But, three years later, Percival announced to a friend, "I have been appointed to deliver a poem before the Phi Beta Kappa at New Haven, and am resolved to appear there." Their meeting that year was on September 13, 1825. For it, he prepared a long poem which he titled "The Mind." The poem begins with his statement of purpose:
Of Mind, and its mysterious agencies,
And most of all, its high creative Power,
In fashioning the elements of things
To loftier images, than have on earth
Or in the sky their home — that come to us
In the still visitation of a dream,
Or rise in light before us when we muse;
Or at the bidding of the mightier take
Fixed residence in fitly sounding verse,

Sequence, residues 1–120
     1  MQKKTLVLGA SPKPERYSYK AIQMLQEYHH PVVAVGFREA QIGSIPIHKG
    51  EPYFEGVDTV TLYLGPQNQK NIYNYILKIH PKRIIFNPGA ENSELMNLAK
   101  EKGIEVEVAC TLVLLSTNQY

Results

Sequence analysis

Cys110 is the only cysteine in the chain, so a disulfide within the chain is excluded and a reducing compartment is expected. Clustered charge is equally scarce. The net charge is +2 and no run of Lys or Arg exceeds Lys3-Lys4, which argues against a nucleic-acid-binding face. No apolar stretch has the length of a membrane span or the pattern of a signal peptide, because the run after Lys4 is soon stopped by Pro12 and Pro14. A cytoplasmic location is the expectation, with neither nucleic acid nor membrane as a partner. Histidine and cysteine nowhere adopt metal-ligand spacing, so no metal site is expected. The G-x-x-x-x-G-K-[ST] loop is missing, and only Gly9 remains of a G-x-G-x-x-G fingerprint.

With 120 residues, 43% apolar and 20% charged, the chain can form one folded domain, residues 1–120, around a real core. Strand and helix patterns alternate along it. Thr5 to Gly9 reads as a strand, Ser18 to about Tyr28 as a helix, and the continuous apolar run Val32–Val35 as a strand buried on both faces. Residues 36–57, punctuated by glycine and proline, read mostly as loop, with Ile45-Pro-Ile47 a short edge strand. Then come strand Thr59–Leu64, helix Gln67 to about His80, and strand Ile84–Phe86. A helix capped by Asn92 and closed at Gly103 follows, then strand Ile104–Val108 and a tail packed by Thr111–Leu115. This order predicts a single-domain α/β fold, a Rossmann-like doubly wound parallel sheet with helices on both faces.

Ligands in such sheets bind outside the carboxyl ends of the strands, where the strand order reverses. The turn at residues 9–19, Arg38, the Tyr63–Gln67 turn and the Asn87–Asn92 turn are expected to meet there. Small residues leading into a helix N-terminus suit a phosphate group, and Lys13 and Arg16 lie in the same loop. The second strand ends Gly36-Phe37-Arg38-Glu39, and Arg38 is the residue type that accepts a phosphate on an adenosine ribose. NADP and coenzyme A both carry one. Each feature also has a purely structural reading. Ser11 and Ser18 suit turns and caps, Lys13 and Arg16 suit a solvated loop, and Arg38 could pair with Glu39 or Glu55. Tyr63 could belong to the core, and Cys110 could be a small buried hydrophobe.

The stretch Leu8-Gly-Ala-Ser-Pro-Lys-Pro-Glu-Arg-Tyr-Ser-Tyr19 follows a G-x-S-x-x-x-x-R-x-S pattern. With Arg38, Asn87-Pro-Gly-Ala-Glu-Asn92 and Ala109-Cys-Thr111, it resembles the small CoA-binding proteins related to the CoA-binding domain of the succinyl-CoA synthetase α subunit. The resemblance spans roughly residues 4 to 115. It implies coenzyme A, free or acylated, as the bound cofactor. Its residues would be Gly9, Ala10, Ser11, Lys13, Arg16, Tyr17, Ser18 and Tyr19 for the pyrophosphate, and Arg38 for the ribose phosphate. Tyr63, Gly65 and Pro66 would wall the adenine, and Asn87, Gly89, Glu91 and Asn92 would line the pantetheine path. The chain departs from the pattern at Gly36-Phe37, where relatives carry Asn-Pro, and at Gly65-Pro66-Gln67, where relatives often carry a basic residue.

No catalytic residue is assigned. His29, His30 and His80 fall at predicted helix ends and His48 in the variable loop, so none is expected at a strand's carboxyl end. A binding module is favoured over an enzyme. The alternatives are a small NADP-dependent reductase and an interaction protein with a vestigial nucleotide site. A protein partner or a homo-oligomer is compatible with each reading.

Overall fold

Or on the glowing canvass, or in shapes
Hewn from the living rock: — of these, and all
That wake us in our better thoughts, and lead
The spirit to the enduring and sublime,
It is my purpose now to hold awhile
Seemly discourse, and with befitting words
Cloth the conceptions, I have sought to frame.
The poem is a strange, rambling, unrhymed, and meterless mesh of abstract thoughts. In a sense, "The Mind" was more like another oration than a poem. One account says he stopped reading halfway through and sat down, declining to finish. Another says he asked not to read it at the ceremony and, when pressed, rushed through it so quickly that his reading was referred to as a "laughable one." Perhaps Percival's reticence to present a poem in 1822 was justified; his 1825 poem went without a publisher for months. Instead, a group of friends paid him for his manuscript and had it printed. Though they offered it to bookstores, very few copies were sold.
After this disastrous period of authorship attempts in the 1820s, Percival turned to something more practical and less imaginative: assisting Noah Webster in the creation of a dictionary of the English language.